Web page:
According to the International Energy Agency‘s latest report, global oil demand is expected to reach an all-time high of 101.7 barrels per day, with China accounting for nearly half of that figure. The agency anticipates a slowdown in oil supply growth to only 1 million barrels per day. The CEO of Saudi Aramco, the largest oil company in the world responsible for producing 10% of the global crude oil supply, is concerned about the future of oil supplies and the record high global oil demand. The current market conditions including China’s economic slowdown and the aviation industry’s recovery from the Covid-19 pandemic have suppressed demand, but this is expected to change soon. Amin Nasser fears that the world may not have sufficient spare capacity to handle the shift, which could result in oil interruptions. Nasser stated that the current spare capacity is helping to mitigate interruptions, but he is uncertain about the mid to long term as the spare capacity dwindles, leaving no capability to handle any short or long-term interruptions.
As a major player responsible for 10% of the world’s crude oil production, Aramco has the ability to pump a maximum of 12 million barrels of crude per day, with plans to expand that capacity by another million barrels. Despite these efforts, CEO Amin Nasser expresses concern about meeting growing demand in the mid to long term. The latest report from the International Energy Agency predicts that global oil demand will reach a new high of 101.7 million barrels per day, with China accounting for nearly half, while oil supply growth is forecasted to slow to only 1 million barrels per day in 2023.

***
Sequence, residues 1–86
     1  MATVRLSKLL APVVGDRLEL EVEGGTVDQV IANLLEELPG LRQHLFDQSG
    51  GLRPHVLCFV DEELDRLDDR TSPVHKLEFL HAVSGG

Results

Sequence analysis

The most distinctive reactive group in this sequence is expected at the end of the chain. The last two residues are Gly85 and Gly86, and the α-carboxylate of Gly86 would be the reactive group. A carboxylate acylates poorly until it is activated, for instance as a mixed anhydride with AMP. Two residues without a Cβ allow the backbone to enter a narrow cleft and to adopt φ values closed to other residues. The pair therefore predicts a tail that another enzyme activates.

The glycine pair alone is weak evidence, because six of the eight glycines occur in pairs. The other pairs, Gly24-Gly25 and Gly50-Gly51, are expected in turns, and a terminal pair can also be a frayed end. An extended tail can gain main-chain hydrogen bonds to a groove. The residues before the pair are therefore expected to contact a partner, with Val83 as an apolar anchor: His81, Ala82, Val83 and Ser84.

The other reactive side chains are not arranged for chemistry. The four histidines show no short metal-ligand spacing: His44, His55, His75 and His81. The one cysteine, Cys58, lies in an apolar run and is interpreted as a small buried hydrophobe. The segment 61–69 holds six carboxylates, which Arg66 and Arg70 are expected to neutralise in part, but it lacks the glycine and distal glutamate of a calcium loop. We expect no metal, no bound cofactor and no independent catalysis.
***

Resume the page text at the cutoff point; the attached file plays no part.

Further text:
Despite Aramco’s efforts to increase production capacity, CEO Amin Nasser believes that the investment is insufficient to meet the growing demand and offset declining supply. He emphasizes the need for global investment in the energy sector to fulfill the increasing demand for oil. The trend of decreased investment in hydrocarbons, due to the shift towards decarbonization and government regulations, has led to calls from Saudi Arabia and its OPEC partners for simultaneous investment in both hydrocarbons and the energy transition, to avoid future shortages.
The impending supply-demand balance could drive up oil prices. Maarten Wetselaar, CEO of Cepsa, recently forecasted a return to triple-digit crude oil prices in H2 2023. As of mid-day in London, front-month Ice Brent crude futures were trading at $87.36 per barrel.
Amin Nasser highlights the impact of a recovering aviation industry and the reopening of China’s economy, which will add to the already growing demand for oil. He notes that there is currently 2 million barrels of spare capacity, but with the expected increase in demand, additional investment is needed to prepare for the future. Nasser emphasizes that the recovery of the economy, without any recessions, will further require more supply, making investment even more crucial.